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Interviewee: Deb Shrader

Role: Advocate and Wife of Commercial Fisherman

Date of Interview: 9/26/04

Collection: Working Waterfront Festival Community Documentation Project

Click on the link below to play the audio clip from the interviewee.

Abstract: An industry advocate talks about how she sees her role in the industry and the regulatory challenges facing fishermen.

Transcript: "I wanted to create a voice for the fishermen themselves, since permit holders basically are the ones who are recognized by the Council, and by NMFS. And the fishermen were virtually uninformed and left out of the process so I considered that to be my job going to the docks, talking to the guys, finding out what they knew, giving them information about what they didn't know, finding out how they felt about what was going on, and takin' that message back to the Council. So sort of just being a conduit between the docks and bureaucracy.

Since 1976, when the original Magnuson Act was written, there was something called National Standard 8. The national standards are bulleted items sort of that preface the act itself and Standard 8 stated that the regulations that are put into place should not devastate fishing dependent communities. So I read that and I latched right on to it, and I started studying the Act because to me, it's like they were counting every single fish and every single scallop, but I saw people out of work all over the place and families suffering.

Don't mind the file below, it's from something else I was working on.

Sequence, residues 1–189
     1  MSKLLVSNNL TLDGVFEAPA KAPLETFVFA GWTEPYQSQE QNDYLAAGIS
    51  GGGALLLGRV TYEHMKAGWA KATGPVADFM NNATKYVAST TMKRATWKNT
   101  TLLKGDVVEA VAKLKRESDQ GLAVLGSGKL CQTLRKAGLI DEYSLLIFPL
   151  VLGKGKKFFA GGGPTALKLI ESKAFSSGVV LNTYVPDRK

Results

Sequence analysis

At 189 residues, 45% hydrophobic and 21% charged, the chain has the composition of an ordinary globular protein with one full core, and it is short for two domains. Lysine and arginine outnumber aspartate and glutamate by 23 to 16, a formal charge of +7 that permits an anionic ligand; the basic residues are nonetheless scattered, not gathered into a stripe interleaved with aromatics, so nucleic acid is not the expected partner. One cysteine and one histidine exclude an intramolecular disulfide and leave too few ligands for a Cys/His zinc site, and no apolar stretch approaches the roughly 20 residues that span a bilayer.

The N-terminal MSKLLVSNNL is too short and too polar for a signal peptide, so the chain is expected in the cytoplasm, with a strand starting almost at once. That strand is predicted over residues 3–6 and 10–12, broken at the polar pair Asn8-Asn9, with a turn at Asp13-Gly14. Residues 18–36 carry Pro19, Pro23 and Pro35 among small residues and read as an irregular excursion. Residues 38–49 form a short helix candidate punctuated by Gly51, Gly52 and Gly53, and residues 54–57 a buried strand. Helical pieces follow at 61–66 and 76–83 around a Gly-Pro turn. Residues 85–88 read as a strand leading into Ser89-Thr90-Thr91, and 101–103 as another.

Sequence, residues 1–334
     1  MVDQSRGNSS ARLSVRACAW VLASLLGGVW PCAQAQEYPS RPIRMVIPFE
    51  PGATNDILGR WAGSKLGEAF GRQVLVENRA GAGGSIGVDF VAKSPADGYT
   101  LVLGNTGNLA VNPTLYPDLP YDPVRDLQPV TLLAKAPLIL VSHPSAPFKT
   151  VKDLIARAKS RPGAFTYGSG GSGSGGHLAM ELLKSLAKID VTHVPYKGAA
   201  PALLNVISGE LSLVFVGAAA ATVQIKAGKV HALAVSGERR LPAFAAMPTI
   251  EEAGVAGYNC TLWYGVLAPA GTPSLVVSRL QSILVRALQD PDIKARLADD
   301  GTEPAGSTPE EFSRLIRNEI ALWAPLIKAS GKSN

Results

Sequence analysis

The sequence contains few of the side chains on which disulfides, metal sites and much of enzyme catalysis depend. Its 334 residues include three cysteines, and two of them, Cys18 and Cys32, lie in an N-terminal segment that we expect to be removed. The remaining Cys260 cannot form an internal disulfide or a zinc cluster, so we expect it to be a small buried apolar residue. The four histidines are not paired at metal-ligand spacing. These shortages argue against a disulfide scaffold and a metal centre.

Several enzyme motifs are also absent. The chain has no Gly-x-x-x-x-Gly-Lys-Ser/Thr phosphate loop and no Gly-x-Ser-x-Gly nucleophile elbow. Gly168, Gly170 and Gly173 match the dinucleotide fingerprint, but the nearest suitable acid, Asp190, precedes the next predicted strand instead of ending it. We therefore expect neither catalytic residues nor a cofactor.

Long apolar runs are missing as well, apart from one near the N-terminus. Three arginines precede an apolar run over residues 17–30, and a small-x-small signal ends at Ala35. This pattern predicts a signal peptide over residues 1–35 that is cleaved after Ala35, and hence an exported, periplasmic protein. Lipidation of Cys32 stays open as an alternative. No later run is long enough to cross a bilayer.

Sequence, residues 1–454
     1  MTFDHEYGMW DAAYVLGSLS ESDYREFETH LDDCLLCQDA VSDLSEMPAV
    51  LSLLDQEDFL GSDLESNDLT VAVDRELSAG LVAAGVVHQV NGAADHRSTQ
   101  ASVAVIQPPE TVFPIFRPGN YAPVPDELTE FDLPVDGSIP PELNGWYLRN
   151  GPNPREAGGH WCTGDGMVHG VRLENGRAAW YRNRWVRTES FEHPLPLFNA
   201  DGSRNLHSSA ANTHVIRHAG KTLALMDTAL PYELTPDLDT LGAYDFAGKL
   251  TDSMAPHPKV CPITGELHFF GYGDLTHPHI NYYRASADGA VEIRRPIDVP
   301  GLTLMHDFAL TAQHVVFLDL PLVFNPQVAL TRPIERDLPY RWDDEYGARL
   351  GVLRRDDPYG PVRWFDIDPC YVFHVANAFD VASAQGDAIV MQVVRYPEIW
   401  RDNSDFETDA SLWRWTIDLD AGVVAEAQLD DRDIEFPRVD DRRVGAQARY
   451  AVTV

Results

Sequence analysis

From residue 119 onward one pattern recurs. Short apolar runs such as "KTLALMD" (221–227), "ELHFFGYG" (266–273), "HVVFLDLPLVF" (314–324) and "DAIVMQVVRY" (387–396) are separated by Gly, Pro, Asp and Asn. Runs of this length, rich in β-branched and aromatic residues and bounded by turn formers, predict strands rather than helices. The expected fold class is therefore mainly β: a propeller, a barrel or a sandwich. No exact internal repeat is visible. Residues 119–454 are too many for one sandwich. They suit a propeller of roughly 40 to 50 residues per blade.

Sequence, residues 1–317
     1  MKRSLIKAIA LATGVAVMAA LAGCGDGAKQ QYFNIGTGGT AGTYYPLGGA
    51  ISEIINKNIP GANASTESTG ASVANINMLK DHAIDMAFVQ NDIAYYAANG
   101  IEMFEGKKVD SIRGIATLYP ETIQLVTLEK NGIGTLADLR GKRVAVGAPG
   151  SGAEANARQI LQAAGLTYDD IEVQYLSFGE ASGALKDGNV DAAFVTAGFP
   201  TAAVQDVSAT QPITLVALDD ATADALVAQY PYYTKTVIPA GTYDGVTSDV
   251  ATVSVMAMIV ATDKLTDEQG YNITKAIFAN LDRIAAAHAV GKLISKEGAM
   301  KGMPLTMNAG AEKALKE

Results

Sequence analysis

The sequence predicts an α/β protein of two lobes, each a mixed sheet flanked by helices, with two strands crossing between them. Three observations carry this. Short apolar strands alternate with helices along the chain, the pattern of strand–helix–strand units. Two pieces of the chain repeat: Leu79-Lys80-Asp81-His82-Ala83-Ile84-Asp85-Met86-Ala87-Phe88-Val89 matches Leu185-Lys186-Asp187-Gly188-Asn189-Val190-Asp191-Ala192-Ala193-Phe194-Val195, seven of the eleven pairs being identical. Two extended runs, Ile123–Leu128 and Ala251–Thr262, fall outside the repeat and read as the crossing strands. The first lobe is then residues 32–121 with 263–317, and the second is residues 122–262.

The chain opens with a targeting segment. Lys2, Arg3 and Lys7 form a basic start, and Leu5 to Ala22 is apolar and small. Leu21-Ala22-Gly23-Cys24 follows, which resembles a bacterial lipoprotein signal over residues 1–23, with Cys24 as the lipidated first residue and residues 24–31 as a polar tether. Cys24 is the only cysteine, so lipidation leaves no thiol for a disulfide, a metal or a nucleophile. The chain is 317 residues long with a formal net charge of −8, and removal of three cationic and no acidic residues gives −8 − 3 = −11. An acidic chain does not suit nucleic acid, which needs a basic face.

And what's happening is our regulatory process is crippling what these guys can and want to do, from their hearts, to the point where we're all going to be eating fish next year or the year after, actually groundfish, we'll be eatin' fish next year, but it won't be our fishermen's fish, it will be imported from Canada, Mexico, Brazil, all places that are much less regulated than we are, so they're not sustaining any biomass anywhere, and they also are not held to the same restrictions in food inspection as we are here in this country. So yes, we will be eatin' fish, but it won't be our guys'. So everybody that talks about jobs, jobs, jobs, well just like Dell Computers, fieldin' them all out of this country. This regulatory process is forcing a market where they can't depend on our guys to land what they need to sell, so they import it from other countries, and our guys are losing their jobs.

We're just gonna keep goin'. Because my husband and other fishermen in the city – this is our heritage and there's nothing else in New Bedford. It's the cornerstone of our economy. We're not worn down nearly. We've just begun fighting."

To read Deb's full transcript, click here.